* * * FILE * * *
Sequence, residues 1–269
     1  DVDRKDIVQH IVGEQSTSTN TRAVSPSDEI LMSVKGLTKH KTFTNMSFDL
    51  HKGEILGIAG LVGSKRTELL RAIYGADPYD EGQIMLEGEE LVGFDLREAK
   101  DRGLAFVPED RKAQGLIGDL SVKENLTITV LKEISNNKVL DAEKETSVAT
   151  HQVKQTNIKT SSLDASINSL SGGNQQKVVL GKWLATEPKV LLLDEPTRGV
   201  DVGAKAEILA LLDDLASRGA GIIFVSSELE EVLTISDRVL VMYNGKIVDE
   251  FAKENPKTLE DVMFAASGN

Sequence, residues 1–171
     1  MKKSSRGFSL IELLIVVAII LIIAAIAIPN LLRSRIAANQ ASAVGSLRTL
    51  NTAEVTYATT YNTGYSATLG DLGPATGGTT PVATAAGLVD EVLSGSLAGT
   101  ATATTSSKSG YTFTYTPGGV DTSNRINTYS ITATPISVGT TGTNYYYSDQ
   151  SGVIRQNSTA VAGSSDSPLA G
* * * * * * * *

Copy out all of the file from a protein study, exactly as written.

Sequence, residues 1–269
     1  DVDRKDIVQH IVGEQSTSTN TRAVSPSDEI LMSVKGLTKH KTFTNMSFDL
    51  HKGEILGIAG LVGSKRTELL RAIYGADPYD EGQIMLEGEE LVGFDLREAK
   101  DRGLAFVPED RKAQGLIGDL SVKENLTITV LKEISNNKVL DAEKETSVAT
   151  HQVKQTNIKT SSLDASINSL SGGNQQKVVL GKWLATEPKV LLLDEPTRGV
   201  DVGAKAEILA LLDDLASRGA GIIFVSSELE EVLTISDRVL VMYNGKIVDE
   251  FAKENPKTLE DVMFAASGN

Sequence, residues 1–171
     1  MKKSSRGFSL IELLIVVAII LIIAAIAIPN LLRSRIAANQ ASAVGSLRTL
    51  NTAEVTYATT YNTGYSATLG DLGPATGGTT PVATAAGLVD EVLSGSLAGT
   101  ATATTSSKSG YTFTYTPGGV DTSNRINTYS ITATPISVGT TGTNYYYSDQ
   151  SGVIRQNSTA VAGSSDSPLA G